Barbara PETRUSKA, Appellant, v. SMARTPARKS-SILVER SPRINGS, INC., etc., Appellee.
Barbara Petruska appeals a summary final judgment entered in favor of Smartparks-Silver Springs, Inc. d/b/a Silver Springs in the personal injury action she filed seeking damages for injuries she sustained when she fell while on the premises operated by Smartparks. We reverse.
Petruska fell and was injured while attending the Festival of Lights at the Silver Springs attraction located near Ocala, Florida. The cause of her fall, she claimed, was a baby stroller that was pushed into her from behind as she walked in a crowd towards the exit. Petruska alleged that Smartparks is responsible for her injuries because it failed to provide adequate lighting throughout the park, failed to maintain adequate crowd control during the festival, and failed to warn of the defective conditions on the premises.
The only evidence presented by either side at the summary judgment proceeding was the deposition of Petruska, who testified in some detail about the inadequate lighting and improper crowd control that prevented her and other patrons from seeing the walkways and safely exiting the park. Specifically, Petruska alleged that as she was attempting to exit the finale of the festival, she entered onto a walkway that was not adequately lit. She testified that a large crowd was allowed to gather at the same spot and allowed to leave at the same time. As she was walking on the poorly lit walkway with this large group of people who were attempting to exit the display, Petruska was struck from behind by a woman in the crowd pushing a baby stroller. This caused Petruska to fall and sustain the injuries for which she seeks compensation. Petruska described how the incident occurred in her deposition:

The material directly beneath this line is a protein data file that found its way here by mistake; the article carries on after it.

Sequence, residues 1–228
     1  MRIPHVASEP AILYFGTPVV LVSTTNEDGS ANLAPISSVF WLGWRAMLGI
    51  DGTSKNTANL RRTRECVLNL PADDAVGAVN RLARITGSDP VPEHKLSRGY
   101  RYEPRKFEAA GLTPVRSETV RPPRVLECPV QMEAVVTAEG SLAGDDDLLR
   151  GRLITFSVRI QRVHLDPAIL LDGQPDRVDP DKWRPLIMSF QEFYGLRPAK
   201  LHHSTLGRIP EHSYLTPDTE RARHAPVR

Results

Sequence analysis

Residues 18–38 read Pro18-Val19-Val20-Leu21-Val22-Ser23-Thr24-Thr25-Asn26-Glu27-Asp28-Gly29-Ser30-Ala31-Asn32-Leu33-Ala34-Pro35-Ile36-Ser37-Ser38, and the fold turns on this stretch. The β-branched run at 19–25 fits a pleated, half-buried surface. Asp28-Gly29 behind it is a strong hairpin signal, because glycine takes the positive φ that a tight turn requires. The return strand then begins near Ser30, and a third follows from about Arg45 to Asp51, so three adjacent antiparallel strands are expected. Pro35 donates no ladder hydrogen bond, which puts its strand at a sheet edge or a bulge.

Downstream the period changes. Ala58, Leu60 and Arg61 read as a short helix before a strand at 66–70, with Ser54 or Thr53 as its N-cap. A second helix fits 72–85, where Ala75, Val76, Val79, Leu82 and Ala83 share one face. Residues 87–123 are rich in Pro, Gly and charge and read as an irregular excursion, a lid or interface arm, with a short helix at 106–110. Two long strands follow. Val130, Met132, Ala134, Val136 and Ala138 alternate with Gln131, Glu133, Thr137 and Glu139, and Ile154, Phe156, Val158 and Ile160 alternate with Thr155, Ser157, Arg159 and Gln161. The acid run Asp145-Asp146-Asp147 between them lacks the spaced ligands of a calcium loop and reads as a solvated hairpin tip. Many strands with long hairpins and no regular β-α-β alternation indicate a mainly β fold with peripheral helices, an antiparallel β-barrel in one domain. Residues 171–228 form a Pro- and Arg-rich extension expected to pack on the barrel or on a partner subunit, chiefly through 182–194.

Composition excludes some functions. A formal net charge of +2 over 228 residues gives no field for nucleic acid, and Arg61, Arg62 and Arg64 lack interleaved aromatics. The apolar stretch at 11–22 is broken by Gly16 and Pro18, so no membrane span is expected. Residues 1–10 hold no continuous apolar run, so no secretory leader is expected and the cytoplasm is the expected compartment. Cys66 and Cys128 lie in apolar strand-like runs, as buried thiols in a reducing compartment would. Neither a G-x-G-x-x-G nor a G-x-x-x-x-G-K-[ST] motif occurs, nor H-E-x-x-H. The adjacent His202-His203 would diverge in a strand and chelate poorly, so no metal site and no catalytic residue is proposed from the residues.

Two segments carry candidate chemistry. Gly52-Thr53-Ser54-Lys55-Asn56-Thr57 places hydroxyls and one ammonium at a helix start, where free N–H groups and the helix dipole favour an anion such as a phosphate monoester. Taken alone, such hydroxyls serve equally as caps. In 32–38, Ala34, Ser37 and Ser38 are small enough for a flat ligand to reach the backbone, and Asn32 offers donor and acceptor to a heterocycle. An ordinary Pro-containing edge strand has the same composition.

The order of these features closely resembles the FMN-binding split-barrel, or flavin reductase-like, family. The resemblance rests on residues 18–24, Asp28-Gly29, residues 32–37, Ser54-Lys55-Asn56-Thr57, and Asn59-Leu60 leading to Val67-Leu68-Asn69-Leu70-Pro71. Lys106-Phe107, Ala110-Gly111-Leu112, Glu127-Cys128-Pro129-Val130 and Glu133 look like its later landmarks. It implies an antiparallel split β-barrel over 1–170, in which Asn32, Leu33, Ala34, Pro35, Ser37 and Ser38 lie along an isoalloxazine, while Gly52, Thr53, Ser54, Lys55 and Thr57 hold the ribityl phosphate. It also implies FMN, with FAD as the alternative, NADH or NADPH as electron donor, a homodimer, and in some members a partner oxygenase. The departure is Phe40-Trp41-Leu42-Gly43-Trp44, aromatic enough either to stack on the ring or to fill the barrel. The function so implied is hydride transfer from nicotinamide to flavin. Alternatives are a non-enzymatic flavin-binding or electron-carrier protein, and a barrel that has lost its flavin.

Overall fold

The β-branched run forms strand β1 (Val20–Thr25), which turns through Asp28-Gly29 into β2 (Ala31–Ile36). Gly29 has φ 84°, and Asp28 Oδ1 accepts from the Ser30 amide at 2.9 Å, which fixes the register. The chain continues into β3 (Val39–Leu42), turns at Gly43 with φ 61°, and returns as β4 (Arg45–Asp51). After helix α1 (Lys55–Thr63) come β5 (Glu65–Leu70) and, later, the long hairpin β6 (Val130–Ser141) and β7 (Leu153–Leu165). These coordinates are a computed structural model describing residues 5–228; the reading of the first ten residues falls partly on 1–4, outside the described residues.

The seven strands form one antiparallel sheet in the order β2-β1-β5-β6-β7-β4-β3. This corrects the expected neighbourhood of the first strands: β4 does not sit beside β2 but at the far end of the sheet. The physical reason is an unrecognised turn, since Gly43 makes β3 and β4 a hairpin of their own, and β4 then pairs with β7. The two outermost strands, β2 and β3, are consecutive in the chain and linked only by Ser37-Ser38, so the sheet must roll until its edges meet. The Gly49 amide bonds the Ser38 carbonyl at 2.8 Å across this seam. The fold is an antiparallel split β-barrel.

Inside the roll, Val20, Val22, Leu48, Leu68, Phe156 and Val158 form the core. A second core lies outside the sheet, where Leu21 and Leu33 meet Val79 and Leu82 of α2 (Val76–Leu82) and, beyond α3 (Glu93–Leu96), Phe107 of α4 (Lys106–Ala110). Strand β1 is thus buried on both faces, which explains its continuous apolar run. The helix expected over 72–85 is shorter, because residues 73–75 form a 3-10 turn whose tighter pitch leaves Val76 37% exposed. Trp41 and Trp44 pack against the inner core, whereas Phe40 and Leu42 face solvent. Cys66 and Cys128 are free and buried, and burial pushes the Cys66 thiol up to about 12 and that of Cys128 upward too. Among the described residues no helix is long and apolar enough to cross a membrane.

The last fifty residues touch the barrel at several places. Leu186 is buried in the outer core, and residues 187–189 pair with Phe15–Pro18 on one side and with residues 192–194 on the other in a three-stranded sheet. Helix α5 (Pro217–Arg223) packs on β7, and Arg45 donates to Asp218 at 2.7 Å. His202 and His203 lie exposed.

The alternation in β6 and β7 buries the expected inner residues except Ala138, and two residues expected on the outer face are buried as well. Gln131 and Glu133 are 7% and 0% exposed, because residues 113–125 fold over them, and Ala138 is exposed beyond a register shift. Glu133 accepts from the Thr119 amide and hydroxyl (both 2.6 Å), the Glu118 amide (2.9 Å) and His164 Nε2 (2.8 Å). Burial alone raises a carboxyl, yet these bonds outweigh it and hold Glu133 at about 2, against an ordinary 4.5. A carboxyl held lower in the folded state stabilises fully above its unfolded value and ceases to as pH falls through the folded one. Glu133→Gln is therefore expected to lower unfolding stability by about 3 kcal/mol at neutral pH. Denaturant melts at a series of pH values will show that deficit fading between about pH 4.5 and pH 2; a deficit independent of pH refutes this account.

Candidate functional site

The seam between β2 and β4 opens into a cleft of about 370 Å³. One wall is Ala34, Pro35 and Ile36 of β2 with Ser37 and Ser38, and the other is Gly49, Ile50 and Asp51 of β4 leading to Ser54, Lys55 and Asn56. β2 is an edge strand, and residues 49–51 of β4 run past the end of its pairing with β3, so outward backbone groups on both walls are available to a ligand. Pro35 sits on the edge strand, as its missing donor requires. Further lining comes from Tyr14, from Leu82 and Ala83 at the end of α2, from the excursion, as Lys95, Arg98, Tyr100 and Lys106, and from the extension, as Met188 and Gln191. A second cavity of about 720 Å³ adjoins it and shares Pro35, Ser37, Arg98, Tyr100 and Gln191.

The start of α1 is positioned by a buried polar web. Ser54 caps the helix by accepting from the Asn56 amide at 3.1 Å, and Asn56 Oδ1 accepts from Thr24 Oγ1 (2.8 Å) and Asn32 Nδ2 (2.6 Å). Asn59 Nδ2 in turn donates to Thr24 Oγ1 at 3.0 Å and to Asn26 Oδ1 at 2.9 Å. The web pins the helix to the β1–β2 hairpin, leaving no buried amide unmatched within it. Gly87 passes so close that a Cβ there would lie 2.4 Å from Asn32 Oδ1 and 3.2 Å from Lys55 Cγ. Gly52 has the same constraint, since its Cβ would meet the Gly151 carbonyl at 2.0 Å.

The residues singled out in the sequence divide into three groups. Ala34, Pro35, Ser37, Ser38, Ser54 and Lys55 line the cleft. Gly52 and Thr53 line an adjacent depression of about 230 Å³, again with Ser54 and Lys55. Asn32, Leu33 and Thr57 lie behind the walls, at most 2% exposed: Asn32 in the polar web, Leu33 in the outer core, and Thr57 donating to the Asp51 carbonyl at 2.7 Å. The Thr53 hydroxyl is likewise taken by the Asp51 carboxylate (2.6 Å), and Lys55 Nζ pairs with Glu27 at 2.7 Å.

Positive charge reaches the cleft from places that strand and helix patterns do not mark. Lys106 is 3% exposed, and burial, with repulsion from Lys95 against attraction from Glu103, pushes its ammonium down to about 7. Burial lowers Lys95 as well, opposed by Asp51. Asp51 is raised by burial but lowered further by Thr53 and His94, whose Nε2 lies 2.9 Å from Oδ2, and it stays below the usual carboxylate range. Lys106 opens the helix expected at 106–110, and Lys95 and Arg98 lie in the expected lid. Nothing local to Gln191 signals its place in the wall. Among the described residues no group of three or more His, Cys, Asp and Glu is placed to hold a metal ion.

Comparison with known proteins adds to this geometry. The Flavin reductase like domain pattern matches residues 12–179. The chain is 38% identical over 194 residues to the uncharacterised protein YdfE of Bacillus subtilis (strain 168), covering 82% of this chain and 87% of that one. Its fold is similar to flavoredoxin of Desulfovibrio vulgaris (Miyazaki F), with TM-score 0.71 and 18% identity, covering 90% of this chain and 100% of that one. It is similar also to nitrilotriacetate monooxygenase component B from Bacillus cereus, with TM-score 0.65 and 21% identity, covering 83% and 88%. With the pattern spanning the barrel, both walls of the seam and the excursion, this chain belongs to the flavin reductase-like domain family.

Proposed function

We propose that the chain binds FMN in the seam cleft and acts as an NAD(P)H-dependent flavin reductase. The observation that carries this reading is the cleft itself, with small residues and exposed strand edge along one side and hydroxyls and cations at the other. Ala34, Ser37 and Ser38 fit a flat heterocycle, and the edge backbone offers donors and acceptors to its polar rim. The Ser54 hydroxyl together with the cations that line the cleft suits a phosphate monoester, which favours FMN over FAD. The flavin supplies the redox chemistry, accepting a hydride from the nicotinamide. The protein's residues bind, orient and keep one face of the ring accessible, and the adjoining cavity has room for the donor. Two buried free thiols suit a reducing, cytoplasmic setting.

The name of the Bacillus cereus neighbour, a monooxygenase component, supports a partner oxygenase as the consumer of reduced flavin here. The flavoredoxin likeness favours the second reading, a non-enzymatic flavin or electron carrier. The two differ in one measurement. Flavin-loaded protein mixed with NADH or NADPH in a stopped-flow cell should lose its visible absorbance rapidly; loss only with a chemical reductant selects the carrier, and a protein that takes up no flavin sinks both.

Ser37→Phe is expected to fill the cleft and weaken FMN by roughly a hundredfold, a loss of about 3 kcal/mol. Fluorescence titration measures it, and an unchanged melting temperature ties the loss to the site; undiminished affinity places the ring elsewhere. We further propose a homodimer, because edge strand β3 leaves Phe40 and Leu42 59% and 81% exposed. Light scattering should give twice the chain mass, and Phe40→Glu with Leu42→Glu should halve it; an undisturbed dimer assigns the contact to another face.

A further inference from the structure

A. I was on that walkway with this group of people-you know, everyone is flowing out there to go.
Q. And then what happens?
A. That's where I got knocked down.
Q. How did you get knocked down, do you know?
A. By a baby stroller.
Q. Somebody pushing a baby stroller hit the back of your legs?
A. We were all very close. It was a big group of people leaving and I'm sure she-between that and the lighting, she didn't-I'm sure she didn't see me. Who in their right mind would knock somebody down?
Q. You don't think she did it on purpose?
A. No, certainly. But I'm sure that because of the conditions and the people leaving the park.
Q. So are you saying somebody from our distance across, arms length apart, couldn't see each other?
A. That's right. I couldn't see my husband's face and I'm looking for my friend Rita, and I'm calling her and I'm with my husband and all of a sudden I'm down.
Q. I've got you.
A. And when I went down, I was so surprised at whatever was hitting my legs, I kind of turned to my right to try and see what happened. And of course, out of the corner of my eye I saw the baby stroller which [is] what was knocking me down, but by then I was already on my way. It was so fast.
Q. Okay. Do you remember if the baby carriage hit like-did it catch your foot, did it knock you at your knees?
A. No, no.
Q. How did it-
A. It was closer to my feet. It was like there must have been something sticking out on the front of that carriage but the way it caught my-what would you call it lower leg, feet area, down below. It caught me right there.
Q. Right foot or left foot first?
A. Grabbed me by both feet actually, both legs because I had no way to balance myself.
Q. And how did you fall?
A. More to my left because when she hit me it was that surprise I kind of, what was that, at the same time I was falling I was kind of turned a little bit so most if it was the fall to the left side and knee and that was flat down on my left.